She had heard Marthur talkin’ to ‘em outdoors on the porch, shiftin’ his weight purposely side to side so’s the squeak o’ the wood might warn them inside in case they didn’t already know. Hettie smiled faintly. How she did love that man – he would do anything for his fam.
That group o’ shits, they stayed for a meal and said they had t’ be on their way. But while Hettie had been spoonin’ out stew, their leader said, “I heard this house, you two had children.”
His soldiers had stopped, spoons in the air, and had glanced from him to Hettie.
“We do, we do,” she smiled proudly.
“We do.” Marthur’s voice was quiet.
“I heard from our last unit that you was the ones had the fever, so you sent ’em away to some sister in Melm.” The commanding officer eyed Marthur with an evaluative gaze.
Marthur snorted. “Melm. Melm? Don’t got no kin in Melm. No. Hettie, you ain’t, either. Roos, yes. Got a sister in Roos, sent my kids to stay with her while she was sick and her place needed a bit of a repair, so they stayed on to help her a bit ’til they come home. Fam does that, you know.”
The commanding soldier nodded slowly, though his eyes narrowed. “So it does.”
Hettie had attempted to lighten the intensity of the mood. “We do got a boy who joined the Navy not too long ago. You boys hear anything about the Navy?”
All of the soldiers scoffed into their stew, smirking.
The commanding soldier arched an eyebrow. “What, he don’t send a bird home now and again? Bein’ your ‘fam’ and all?”
“Just two – that they kept him constantly busy. Building on ships, I think. Don’t remember, the message was read to me,” she had lied.
All four of them smirked.
“Soon enough, he’ll be floatin’ on one,” scoffed one, and they all chortled.
Marthur caught Hettie’s eyes in such a way as to tell her to keep her mouth shut. He himself had said nothing.
Hettie had cleared their stew bowls and dumped them in the water barrel. As she did that, the four soldiers stood up behind her.
“Well – you got a fine barn out there. A fine one.”
Melm and Hettie had found this a curious statement, for it was only mid-afternoon. Hettie suddenly worried. Maybe they thought to search the barn for the children. Or did they plan to put the torch to the barn? Worse, the house?
The commander then started unlacing his tunic. “Boys – take her to the barn.”
Marthur stood up and stepped in front of the commander. “Over my dead body!”
“That, peasant, can be arranged. Stay in here, and you’ll keep your life. And your wife, once we’re done with her. Fight us, and you’ll both be dead.” The commander pulled his tunic out of his breeches.
Marthur had stared wordlessly as two walked out, one by one, of the house, in the direction of the barn. Two had stayed behind, to guard Marthur.
What had happened next was a blur, for the commanding soldier had forced her arms behind her, and Hettie had started screaming. The second soldier clubbed her, and the last thing she saw was the dirt on the wooden porch beneath her dress as she was carried toward the barn.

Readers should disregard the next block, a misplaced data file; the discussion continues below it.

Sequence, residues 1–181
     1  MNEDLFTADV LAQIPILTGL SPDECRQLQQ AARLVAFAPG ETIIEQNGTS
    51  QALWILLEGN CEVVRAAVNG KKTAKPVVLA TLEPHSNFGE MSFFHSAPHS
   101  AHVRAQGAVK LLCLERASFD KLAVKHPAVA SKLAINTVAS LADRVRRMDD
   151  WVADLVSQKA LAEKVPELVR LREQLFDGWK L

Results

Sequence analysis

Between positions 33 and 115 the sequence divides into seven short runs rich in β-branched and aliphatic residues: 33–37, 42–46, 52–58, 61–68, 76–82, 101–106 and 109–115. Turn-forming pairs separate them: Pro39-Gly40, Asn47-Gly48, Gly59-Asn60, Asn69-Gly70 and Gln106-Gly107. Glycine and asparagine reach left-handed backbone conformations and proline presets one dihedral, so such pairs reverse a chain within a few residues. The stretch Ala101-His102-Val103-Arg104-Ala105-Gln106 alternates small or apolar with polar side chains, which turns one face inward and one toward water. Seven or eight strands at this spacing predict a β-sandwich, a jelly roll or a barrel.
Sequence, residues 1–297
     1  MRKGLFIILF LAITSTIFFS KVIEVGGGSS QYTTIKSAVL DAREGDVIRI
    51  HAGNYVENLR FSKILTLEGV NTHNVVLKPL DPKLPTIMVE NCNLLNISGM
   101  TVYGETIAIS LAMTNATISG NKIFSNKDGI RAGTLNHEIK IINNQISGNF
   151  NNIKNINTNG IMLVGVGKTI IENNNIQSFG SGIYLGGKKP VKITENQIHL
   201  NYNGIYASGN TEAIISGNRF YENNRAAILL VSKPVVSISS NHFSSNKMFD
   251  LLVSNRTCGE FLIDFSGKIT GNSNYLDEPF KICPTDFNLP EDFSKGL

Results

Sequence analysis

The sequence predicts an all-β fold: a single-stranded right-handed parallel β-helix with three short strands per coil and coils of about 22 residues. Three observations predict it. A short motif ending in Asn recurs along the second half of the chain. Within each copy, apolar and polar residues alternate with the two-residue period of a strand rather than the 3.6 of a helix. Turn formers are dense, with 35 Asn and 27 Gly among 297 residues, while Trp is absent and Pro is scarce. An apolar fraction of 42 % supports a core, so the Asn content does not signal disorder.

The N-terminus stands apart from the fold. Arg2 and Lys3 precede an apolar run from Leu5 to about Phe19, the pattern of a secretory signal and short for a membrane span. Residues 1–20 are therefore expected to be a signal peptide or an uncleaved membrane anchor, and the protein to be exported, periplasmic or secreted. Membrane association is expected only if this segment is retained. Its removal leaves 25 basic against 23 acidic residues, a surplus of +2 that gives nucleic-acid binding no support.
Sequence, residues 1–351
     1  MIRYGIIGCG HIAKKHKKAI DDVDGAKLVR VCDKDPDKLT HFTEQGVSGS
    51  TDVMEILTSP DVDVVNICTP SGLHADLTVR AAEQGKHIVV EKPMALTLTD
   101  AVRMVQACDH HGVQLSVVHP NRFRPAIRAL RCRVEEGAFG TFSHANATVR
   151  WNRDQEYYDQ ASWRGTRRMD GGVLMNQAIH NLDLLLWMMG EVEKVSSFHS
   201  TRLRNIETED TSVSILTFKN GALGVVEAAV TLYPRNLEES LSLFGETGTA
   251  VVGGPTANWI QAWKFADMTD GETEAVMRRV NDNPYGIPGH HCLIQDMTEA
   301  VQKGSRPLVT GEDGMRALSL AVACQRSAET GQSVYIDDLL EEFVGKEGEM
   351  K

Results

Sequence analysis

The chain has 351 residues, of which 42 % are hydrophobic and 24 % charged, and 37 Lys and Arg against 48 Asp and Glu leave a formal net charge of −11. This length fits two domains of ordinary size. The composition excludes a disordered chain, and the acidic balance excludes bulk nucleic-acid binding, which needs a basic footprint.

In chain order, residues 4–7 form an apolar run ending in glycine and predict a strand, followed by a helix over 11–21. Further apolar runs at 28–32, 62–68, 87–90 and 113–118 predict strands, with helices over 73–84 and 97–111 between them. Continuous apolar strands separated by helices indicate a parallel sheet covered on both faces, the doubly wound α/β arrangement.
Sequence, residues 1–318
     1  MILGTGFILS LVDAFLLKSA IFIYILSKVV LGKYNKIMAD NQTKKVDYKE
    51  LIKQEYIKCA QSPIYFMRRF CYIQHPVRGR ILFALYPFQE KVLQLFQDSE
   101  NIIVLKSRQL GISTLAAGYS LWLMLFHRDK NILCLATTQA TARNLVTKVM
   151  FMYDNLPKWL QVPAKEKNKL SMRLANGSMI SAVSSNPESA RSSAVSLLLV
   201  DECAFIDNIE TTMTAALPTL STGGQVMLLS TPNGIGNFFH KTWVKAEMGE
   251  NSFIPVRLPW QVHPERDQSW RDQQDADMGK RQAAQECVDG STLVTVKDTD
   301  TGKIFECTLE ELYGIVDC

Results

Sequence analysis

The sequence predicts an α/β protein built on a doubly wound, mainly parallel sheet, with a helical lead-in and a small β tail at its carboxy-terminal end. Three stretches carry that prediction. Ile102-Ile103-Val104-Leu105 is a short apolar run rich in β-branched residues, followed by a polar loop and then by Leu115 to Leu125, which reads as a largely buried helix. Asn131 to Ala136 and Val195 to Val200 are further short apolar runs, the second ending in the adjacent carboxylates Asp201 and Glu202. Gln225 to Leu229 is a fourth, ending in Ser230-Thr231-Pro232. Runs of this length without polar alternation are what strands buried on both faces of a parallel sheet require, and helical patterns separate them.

When had Hettie awoken from her hazy black spell, what she had seen first was Marthur and Mickel staring down at the hay of the barn. Hettie herself was lying over two bales of hay.
She had sat up slowly, woozy, wondering why her son was out in the barn….
And then she had seen the bodies, and Marthur leaning on the pitchfork… and the tines of the pitchforks had been dripping with blood.
Hettie’s movement caused them both to turn around.
“Hettie, my love!”
And they had both run to hug her and support as she sat down on the stack of hay beneath her.
Then Hettie had seen the stack of bodies.
She’d screamed wordlessly, clutching at Marthur.
“Shh, shh, shh, Hettie, shh, you’re all right, everything is fine.” And he’d held Hettie’s shocked head against his chest and rocked her, just as he might a child.
Later, Hettie had learned that Mickel had pushed the cella door up and between him and Marthur, had overcome the two soldiers – though she had a good bit of rushes that needed to be switched out due to blood covered on them. A good thing the rug hadn’t been over the cella door after all, for Mickel wouldn’t have been able to get out so fast.
But then Mickel and Marthur had snuck into the barn before anything had happened to her, and killed the other two soldiers, Marthur with a pitchfork, and Mickel with a scythe. And oh, but they had been bloody!
“You hearin’ what they said?” Marthur said. “That sounded like war to me. War.”
Hettie had nodded mutely.
“You know what happens to people like us, out here on the borderlands, when soldiers like them march through. Like they already been doin’. Like they tried today. This ain’t good. War ain’t good.” Marthur looked far away just then, out the barn door. “We might have to leave here, if it comes to that. An’ it just might.” His eyes focused suddenly. “Next time any o’ bastards come through, I want you goin’ down wit’ the kids. Hear me, Hettie?”
Hettie had nodded.
“You send birds, send birds to all your kin, over in, where’s that, Corstarorden, your cousin and your auntie, and I’ll send word to my sister. Tell them to watch out and listen, and tell them to spread the same word, to all their kin, just as we are. It’s the innocent people get hurt in war.” And so Hettie had.
Today, Hettie stood, looking over their new planted radishes thoughtfully. Not a one o’ this fam would be eatin’ ‘em, that was sure, though they’d had some specially good fertilizin’.